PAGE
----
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A Development Team Experience: How Dependency Mapping Could Have Saved Us (Part 1)

A Development Team Experience: How Dependency Mapping Could Have Saved Us (Part 1)

Two years of hard work went up in smoke with a single email. Customers would never see the product.

Anyone who is in the business of software development can recall the project that failed in spectacular fashion. For me, it was a project to rewrite an existing product that had become too difficult to work on by the development and product teams. I can still remember when we made the decision to stop development. I was a Product Owner at the time. The Product Manager and I discussed the pros and cons of continuing the rewrite project and what it would take to get the product customer-ready. Unfortunately, the list was extensive and internal support for the project was waning.  The decision was difficult but had to be made. We spent two years rewriting the product but were no better off than when we started. Looking back, I can’t help but wonder if we made the best decision. Should we have refactored instead?

Rewrite or refactor?

This story began two years prior to that email. The first version of our product had been in customers’ hands for several years and, for the most part, they were happy. We had built a reliable product that solved a real problem for users. But as time went on, our ability to add new features slowed down to a near standstill. Customers began reporting bugs. Roadmaps were extended to add buffer time to delivery estimates. Revenue began to flatline. Something had to be done.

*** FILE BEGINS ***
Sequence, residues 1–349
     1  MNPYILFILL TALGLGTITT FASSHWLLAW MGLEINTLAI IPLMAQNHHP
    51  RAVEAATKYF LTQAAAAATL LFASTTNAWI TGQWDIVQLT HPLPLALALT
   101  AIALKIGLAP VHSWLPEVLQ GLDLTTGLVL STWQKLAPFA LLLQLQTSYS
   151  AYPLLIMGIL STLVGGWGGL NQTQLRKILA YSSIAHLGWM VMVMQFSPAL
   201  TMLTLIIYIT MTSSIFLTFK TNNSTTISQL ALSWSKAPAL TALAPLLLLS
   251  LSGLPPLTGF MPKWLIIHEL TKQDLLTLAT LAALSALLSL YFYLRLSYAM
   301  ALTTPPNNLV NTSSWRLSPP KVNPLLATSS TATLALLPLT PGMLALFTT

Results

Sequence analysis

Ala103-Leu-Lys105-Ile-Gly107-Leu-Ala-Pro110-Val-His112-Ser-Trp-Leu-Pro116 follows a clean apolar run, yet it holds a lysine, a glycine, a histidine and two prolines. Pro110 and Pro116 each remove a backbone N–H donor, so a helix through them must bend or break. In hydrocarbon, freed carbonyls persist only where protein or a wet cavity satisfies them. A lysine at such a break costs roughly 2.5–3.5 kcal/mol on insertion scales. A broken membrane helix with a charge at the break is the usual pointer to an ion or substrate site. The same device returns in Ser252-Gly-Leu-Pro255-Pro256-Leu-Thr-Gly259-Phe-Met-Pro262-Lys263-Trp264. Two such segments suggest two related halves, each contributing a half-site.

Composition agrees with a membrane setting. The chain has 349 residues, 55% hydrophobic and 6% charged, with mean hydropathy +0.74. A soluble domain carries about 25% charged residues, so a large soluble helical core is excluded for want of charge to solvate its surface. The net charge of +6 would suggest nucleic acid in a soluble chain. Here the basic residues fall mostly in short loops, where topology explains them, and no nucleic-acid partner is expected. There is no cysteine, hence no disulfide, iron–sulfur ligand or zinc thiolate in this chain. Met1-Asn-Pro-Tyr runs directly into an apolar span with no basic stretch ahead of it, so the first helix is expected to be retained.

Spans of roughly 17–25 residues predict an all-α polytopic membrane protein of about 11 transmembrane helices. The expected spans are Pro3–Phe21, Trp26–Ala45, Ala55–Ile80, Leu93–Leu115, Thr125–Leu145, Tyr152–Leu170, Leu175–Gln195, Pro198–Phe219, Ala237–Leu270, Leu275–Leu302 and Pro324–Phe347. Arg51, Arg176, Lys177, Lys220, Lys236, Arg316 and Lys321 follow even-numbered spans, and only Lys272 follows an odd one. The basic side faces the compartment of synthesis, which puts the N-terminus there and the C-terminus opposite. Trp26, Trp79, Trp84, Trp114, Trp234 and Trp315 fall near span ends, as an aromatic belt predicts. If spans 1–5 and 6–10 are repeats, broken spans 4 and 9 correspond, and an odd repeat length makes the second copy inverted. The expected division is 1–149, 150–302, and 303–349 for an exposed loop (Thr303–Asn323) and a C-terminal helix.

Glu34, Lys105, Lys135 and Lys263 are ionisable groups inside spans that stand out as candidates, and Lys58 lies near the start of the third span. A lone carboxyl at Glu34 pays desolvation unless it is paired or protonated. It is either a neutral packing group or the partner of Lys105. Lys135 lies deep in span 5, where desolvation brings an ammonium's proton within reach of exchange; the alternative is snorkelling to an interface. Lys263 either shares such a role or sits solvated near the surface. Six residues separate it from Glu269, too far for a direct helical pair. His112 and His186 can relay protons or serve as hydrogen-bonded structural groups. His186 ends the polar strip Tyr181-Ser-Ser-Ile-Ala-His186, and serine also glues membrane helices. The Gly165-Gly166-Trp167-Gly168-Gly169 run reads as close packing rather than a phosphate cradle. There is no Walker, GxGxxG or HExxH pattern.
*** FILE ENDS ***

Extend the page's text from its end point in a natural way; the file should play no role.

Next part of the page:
A strategy meeting was organized. The whole team, including product managers, developers, and leadership discussed the delivery problems. As we discussed our options, two camps emerged: those in favor of rewriting and those in favor of refactoring. The lines were clearly drawn and neither side could be persuaded easily.

Over the course of several weeks, the development team wrestled with the vague, but critical question of rewriting or refactoring the code. This was no easy task. Version one of the product had been in active development for four years, which meant the code had evolved dramatically over time as different developers added and changed code.  We broke into small groups to discuss specific problem areas and identify the underlying causes of the delivery issues.

Be wary of tribal knowledge

As a member of the product team, I wanted to focus on key areas of the application that were highly used, but prone to bug reports. When we attempted to review certain parts of the application, we found ourselves constantly seeking input from a few key team members. “Ask Dave” was a typical response to my inquiries. Why? Because Dave was a senior developer on the team and had written much of the code. If he didn’t write it himself, he was either consulted or had a hand in the code review. Asking the senior team member is often referred to as “Tribal Knowledge” because the information lives in someone’s brain and not on paper.